Are Today's Children's Books About Africa Still Racist?
We're used to seeing blatant racism in children's classics such as TinTin. But are contemporary books just as guilty of propagating African clichés?
Picture books "Babar the Little Elephant" and "Tin Tin in Congo," both published in 1931, hail from an age in which European nations claimed large parts of Africa as their own. The books, whose pages are filled with humor and loving illustrations, were written for children and adolescents. They were also full of racist, colonial thinking.
Babar tells the story of a lost elephant who meets civilization when he wanders into town. He returns to Africa wearing a suit and standing on two legs. Upon arrival, he is made king of the animals. Tin Tin tells the story of a colonial adventurer who makes his way into the jungle, where he encounters stupid people whom he easily outwits. Tin Tin, the superior and rational European, is cast in juxtaposition to the Africans, whom the comic depicts as wild, lazy and superstitious.
One year later, in Switzerland, the fantasy figure Globin was developed as an advertising object for the Globus department store. In 1935, Globin embarked on his first world tour, and a picture book depicts his unequal encounters with cannibals wearing hula skirts.
In the wake of post-World War II human rights declarations and the decolonization of Africa starting in the 1960s, critics of this literary racism became very vocal. Instead of focusing on the superiority of white colonial masters, depictions of Africa were to be fair, diverse, and from multiple perspectives.
In Switzerland, for example, the publishing house Baobab Books was founded through the Terre des Hommes initiative and the Berne Declaration of 1993. Today, Baobab publishes many German translations of African children's books.
Stereotypes die hard
But expunging African stereotypes from Western books for kids has been no easy task. Even publishers with the best intentions do not always succeed in overcoming colonial attitudes.
A case in point is the award-winning picture book "Tell Me, How is Africa," first published in 2002 by Peter Hammer Verlag in Germany. Through stories told by Papa Dembo to his grandson Chaka, young readers are encouraged to learn about "Africa and its people." But Papa Dembo's stories are all idyllic. In them, people seem to live together in perfect harmony, with each other and with their environment. Papa Dembo's personal life story seems to depict Africa as a whole – the book makes the entire continent look like a provincial fishing village.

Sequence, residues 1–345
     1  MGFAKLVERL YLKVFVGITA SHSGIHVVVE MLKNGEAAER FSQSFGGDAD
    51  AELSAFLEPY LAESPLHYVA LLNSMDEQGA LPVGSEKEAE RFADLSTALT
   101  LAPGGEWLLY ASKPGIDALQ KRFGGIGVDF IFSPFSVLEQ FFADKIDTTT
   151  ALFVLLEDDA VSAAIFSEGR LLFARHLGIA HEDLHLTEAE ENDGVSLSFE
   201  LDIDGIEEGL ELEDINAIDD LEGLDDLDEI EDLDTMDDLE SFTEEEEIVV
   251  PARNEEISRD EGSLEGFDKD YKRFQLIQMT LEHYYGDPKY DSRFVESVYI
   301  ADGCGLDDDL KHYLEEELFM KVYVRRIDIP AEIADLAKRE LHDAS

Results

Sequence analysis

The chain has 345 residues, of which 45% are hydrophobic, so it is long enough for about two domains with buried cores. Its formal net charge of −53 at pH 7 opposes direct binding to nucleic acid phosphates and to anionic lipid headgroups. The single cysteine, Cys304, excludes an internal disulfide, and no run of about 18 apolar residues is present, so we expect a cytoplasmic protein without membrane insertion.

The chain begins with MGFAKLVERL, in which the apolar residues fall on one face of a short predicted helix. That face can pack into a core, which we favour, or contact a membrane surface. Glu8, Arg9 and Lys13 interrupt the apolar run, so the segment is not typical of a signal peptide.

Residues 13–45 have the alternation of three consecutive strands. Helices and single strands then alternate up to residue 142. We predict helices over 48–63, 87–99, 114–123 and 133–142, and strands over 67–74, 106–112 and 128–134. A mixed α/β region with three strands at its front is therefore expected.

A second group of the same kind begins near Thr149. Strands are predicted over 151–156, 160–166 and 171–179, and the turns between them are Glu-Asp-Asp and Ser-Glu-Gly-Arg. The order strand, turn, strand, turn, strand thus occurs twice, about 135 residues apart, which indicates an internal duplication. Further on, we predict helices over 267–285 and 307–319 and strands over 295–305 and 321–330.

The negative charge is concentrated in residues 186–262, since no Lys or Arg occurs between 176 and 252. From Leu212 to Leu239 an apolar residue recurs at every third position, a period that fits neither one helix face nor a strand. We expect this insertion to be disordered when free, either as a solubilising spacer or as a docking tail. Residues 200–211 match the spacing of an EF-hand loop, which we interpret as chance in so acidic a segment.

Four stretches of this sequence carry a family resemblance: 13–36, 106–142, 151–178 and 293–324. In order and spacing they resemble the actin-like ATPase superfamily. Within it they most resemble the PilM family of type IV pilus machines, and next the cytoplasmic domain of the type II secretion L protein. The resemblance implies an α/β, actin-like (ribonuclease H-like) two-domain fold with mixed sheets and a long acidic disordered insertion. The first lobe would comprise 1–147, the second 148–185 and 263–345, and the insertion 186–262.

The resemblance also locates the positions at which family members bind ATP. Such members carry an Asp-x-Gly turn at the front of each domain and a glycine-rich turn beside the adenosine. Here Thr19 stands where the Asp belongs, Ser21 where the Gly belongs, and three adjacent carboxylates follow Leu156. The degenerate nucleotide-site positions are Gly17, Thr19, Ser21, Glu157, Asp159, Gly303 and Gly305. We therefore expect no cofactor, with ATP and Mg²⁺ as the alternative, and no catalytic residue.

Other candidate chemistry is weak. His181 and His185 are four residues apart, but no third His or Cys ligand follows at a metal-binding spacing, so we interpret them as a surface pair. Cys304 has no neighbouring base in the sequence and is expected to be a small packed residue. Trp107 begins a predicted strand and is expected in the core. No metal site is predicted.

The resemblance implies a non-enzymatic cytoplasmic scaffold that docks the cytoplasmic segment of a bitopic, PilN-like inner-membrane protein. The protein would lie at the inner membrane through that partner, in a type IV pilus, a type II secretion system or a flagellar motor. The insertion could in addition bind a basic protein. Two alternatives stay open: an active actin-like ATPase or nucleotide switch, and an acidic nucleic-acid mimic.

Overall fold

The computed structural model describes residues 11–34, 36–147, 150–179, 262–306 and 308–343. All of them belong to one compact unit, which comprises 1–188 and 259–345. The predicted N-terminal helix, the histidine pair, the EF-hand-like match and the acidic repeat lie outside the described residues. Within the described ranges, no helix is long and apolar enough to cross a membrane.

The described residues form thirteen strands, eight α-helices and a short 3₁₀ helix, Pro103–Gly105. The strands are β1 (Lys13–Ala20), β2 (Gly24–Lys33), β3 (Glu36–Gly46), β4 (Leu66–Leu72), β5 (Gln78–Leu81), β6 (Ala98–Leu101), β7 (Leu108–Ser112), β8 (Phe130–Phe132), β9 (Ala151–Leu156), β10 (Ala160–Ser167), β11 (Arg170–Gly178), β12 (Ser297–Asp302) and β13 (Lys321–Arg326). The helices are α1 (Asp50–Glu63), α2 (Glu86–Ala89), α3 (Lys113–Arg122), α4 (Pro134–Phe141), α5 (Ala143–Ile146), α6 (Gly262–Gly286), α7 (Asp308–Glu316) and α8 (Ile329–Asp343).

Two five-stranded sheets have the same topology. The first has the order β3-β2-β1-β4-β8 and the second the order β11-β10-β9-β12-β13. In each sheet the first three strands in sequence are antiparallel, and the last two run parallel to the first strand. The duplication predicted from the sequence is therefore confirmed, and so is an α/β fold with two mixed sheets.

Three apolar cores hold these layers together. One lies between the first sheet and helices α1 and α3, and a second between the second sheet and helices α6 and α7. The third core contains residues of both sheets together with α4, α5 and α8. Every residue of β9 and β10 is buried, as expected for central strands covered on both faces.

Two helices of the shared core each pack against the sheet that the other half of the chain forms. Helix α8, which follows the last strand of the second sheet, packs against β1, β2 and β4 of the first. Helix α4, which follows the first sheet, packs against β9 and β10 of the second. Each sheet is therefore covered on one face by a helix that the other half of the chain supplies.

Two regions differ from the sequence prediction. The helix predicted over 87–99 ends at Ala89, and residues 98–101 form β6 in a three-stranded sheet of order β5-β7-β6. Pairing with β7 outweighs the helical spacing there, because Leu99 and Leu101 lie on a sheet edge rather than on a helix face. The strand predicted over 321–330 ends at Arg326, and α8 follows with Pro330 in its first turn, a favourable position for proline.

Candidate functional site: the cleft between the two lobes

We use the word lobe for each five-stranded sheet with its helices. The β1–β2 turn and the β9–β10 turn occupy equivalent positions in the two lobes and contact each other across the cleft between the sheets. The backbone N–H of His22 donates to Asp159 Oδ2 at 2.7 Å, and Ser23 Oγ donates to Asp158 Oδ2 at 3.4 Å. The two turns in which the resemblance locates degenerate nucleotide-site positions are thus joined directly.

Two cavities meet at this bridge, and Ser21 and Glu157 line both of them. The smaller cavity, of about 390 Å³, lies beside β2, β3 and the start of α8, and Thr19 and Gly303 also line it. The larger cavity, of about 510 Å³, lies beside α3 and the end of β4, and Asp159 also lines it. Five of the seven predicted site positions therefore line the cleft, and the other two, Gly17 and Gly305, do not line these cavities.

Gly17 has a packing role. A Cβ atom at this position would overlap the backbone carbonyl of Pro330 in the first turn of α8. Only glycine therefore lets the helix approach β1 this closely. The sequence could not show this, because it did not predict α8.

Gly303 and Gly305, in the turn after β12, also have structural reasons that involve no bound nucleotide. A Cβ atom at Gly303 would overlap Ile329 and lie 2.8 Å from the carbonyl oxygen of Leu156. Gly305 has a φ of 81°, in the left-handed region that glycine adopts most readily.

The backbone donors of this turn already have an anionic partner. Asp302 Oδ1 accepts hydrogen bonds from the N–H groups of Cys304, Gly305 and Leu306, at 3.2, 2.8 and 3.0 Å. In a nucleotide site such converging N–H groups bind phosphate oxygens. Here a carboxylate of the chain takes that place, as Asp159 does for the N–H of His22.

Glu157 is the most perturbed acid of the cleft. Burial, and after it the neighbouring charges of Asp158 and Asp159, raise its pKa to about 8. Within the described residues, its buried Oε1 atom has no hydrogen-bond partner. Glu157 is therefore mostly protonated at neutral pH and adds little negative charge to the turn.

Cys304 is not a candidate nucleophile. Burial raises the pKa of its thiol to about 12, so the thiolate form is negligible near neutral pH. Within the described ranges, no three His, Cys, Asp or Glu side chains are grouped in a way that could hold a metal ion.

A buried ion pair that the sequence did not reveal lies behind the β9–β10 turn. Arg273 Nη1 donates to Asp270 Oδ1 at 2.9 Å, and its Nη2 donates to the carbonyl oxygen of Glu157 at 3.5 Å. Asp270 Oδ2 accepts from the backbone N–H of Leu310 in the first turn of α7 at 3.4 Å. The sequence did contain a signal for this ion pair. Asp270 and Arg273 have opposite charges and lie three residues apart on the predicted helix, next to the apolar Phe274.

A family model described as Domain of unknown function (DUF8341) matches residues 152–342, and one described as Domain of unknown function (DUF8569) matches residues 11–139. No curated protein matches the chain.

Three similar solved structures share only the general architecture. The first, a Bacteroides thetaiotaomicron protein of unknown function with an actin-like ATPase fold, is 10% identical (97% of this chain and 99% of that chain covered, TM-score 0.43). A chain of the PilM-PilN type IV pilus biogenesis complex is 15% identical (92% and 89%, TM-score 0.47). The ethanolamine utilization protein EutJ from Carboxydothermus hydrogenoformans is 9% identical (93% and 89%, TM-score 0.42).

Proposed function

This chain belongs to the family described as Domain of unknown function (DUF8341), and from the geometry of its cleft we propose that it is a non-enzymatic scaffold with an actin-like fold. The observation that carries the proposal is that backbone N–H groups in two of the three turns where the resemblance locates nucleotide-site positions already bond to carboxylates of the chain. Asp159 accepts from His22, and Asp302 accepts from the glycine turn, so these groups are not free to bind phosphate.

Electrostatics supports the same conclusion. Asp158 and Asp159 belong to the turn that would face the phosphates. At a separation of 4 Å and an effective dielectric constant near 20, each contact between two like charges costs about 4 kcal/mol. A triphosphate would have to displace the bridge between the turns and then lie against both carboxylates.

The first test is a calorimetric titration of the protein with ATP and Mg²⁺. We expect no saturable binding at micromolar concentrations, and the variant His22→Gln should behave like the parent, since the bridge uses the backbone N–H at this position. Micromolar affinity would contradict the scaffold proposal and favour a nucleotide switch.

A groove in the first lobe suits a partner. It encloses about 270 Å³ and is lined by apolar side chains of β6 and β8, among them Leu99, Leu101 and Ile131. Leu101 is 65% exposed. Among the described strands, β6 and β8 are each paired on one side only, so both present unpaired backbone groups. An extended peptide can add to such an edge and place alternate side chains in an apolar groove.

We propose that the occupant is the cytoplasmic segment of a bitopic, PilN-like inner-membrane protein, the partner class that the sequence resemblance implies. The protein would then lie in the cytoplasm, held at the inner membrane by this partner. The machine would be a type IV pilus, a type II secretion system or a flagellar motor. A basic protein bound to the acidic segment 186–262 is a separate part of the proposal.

"Tell Me, How is Africa" draws a very simple image of Africa, and the accompanying full-page illustrations show people and places that are not identifiable. Pages of text are supplemented by photographs of old masks and sculptures that are given no direct relation to history, but rather associated with a diffuse mythical image of what Africa might be.
Like many other books that seek to "explain Africa," Papa Dembo's stories begin by making the fatal distinction between "us-in-Europe" and "them-in-Africa." This sort of representation inherently results in - no matter how good the intentions - a condensed representation of African realities.
Glimpses of urban Africa
Not all children's books fall into this trap. In the French comic book series "Aya," which first appeared in 2005, the narrator and protagonist is 19-year-old Aya, who lives in Yopougon, a neighborhood of the capital of the Ivory Coast. The story follows the everyday lives of her relatives, friends and neighbors in the 1970s.
The very first image from the first volume focuses on a TV in Aya's living room. On the screen, a bicycle and a city bus can be seen: it is an excerpt from a beer commercial, the first television advertising campaign in the Ivory Coast. The texts and images in the series represent anything but a generalized, timeless Africa.
Likewise, in the French children's comic "Akissi. Attaque de chats," first published in 2010, seven episodes tell the story of little Akissi, a young girl who continues to come into contact with the adult world when she would rather be playing pranks on her older brother. Like Aya, Akissi lives in a modern city, and her story resists any exoticism.
Reality or fantasy, authentic or clichéd, Western-produced children's literature about Africa continues to say as much about us as it does about them.
Read the original article in German